There is no one more vulnerable than a newborn baby. Totally helpless, they rely on us for everything. As a parent or carer, it’s your job to love, care for and attend to your newborn. This is no easy feat, and frankly, it’s a lot of work. But contrary to what some believe about spoilt children, all this fussing does not cause any damage. Today, researchers are adamant that there is no such thing as too much care and attention.
In other words, you cannot spoil an infant. Giving a baby the care and attention it needs during the first six months is actually a necessity – and won’t lead to a spoilt child.
According to David Mrazek, MD, Chairman of psychiatry and psychology at the Mayo Clinic, in Rochester, Minnesota, “meeting an infant’s need to be comforted, held and fed in a predictable fashion helps him feel secure and build a loving relationship between parent and child. It does not lead to spoiling.”
As a baby is new to the world, they are yet to develop rational thoughts or understand cause and effect. Therefore, they are not capable of manipulating you, thinking, ‘if I scream for long enough I can control my parent.’
A baby’s needs and wants are the same.
If a child is making a noise or crying or looking unsettled, it is because something is wrong and they are trying to communicate to you that they need your help. The baby may have a dirty nappy, be too cold, too hot, hungry or frightened. Ignoring a baby is not going to achieve anything except to prolong the baby’s distress.
Caring for a baby is good for the baby
As babies are totally at our mercy, they rely on us to care for them. The more we care for them, the more we bond with the baby. In the first six months, the baby develops trust and learns that when they are in need, someone will be there for them. This is essential for the baby to become more confident and secure over time.
In fact, caring for a baby is not only good for the baby but good for you too. Trying to ignore a crying baby for fear of spoiling the newborn can be terribly distressing for everyone within earshot. A baby’s cries are designed to trigger a mother’s nurturing instincts – and everyone can relate to how upsetting it is to listen to a crying baby. By addressing the baby’s needs, and providing physical comfort and love, you will feel calmer and happier. The child will cry less as it will feel more comforted.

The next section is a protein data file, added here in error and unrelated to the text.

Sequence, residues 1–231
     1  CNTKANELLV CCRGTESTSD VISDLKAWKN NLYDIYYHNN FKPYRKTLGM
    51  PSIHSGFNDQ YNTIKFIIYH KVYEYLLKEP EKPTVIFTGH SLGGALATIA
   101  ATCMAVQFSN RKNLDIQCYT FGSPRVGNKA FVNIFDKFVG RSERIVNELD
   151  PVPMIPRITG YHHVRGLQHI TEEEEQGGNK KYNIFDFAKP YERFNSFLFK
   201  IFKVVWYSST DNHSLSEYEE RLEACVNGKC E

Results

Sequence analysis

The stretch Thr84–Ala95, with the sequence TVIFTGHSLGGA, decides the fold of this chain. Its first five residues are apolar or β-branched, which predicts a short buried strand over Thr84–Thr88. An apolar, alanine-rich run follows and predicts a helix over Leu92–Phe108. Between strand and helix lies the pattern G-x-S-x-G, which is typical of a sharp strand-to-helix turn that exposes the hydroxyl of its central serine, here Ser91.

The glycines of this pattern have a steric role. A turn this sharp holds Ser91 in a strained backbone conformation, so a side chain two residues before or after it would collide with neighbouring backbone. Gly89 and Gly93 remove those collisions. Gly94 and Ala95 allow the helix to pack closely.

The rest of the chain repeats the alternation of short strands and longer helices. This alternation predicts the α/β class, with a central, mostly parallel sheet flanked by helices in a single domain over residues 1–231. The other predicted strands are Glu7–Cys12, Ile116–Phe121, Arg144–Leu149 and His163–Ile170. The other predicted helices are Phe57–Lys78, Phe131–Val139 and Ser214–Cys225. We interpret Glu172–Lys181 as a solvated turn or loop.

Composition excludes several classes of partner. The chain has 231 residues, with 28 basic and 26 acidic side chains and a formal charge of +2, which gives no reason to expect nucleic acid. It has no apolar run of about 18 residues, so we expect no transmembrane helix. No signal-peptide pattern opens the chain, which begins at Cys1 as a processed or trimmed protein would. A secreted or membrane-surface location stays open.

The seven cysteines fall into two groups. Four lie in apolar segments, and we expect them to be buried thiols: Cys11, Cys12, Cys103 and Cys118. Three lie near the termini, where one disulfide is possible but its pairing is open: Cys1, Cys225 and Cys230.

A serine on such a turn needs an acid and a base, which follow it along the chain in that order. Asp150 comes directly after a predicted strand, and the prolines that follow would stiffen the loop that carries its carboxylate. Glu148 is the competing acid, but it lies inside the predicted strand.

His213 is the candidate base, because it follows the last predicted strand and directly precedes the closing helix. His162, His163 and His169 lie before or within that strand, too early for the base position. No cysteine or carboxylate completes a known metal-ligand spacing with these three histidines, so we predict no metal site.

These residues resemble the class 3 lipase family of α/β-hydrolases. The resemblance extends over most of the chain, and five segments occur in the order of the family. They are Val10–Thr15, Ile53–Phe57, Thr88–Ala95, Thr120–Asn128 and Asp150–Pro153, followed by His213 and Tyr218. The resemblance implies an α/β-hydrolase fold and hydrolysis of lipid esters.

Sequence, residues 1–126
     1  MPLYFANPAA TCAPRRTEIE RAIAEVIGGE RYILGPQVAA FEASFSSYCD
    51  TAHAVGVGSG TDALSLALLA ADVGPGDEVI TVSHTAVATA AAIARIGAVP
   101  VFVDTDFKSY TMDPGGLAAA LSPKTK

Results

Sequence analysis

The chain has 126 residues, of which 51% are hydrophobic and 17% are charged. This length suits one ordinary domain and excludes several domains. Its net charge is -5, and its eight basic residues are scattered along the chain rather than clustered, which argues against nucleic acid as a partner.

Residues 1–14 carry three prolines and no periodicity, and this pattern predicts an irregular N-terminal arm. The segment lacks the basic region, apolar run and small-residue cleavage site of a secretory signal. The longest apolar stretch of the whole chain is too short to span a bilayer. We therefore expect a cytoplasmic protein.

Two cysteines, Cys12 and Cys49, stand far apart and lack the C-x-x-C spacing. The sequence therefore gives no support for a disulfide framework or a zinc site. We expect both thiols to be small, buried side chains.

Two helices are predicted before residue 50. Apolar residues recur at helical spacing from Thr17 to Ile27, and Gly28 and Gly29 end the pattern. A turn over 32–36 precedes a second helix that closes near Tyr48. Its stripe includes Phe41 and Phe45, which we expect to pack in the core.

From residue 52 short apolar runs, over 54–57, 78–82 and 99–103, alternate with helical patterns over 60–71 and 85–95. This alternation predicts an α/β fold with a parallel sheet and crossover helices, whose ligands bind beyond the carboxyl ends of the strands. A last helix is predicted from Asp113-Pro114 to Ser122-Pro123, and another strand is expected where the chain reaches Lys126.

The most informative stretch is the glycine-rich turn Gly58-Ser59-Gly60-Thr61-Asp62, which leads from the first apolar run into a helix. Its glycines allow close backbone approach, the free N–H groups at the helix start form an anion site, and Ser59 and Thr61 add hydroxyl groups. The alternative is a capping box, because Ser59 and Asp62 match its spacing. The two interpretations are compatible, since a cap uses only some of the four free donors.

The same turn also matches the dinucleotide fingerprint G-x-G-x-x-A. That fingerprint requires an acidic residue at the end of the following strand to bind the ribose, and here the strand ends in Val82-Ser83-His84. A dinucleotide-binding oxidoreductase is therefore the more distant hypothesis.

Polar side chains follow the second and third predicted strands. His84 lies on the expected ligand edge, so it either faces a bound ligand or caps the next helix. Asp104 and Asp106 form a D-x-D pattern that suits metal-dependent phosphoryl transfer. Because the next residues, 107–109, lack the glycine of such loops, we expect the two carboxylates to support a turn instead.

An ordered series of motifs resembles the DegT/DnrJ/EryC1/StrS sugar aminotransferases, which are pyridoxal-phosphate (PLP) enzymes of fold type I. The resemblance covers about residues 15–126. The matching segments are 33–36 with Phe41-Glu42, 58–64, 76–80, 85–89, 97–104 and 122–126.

Compared to insecure babies, those that trust their parent and have bonded well become better adjusted and can cope better with stress as they develop. It’s also been shown that they can socialise better with other children. Even as adults they are more likely to be emotionally and physically healthier.
After the age of about six months, a baby’s brain becomes a little more sophisticated. She may try to get more of what she wants rather than what she needs. For example, she may pull at your hair or want to touch objects that are attractive to her, but may not be safe. In these instances, you may slowly start to set boundaries so the baby knows that certain activities are not acceptable. However, it’s essential to realise that the baby still requires a lot of love and care and shouldn’t be ignored.
As babies grow into toddlers and then small children, the rules change again. For example, toddlers become extremely curious and develop the first understanding of cause and effect. Pre-schoolers start to understand the difference between acceptable and unacceptable behaviour. Not managing this behaviour appropriately can lead to the side-effects of a spoilt child. But this is further down the track. Not when they are babies.
Learn to understand your baby’s signals
As your baby develops, there are some key points to keep in mind that help you understand why your baby is crying. These tips were suggested by Peter Gorski, MD, an assistant professor of paediatrics at Harvard Medical School, in Boston and chairman of the American Academy of Paediatricians National Committee on Early Childhood, Adoption, and Dependent Care.
Babies often cry for reasons other than distress. They may just be hungry or tired – rushing to pick up an infant may not be the best solution. Always picking up the baby may lead the infant to think that it’s natural always to be held. Tell-tale signs of other issues at hand include the baby averting her eyes, pulling away or whining when you try to pick her up.
Address your own behaviour. At around six to eight months, the child learns ‘social referencing’, which is where they learn to interpret the parent’s face. They begin to read your face and understand how you react in various situations. If you’re constantly looking anxious, the child may pick up on this.
Let your child cry – just for a little bit. Sometimes a child momentarily cries due to frustration, such as when playing with a new toy. In such instances, it’s healthy to let the child use this as a learning experience, and then settle on their own accord.
Sage Institute of Child Care – it’s more than a job, it’s a rewarding career.
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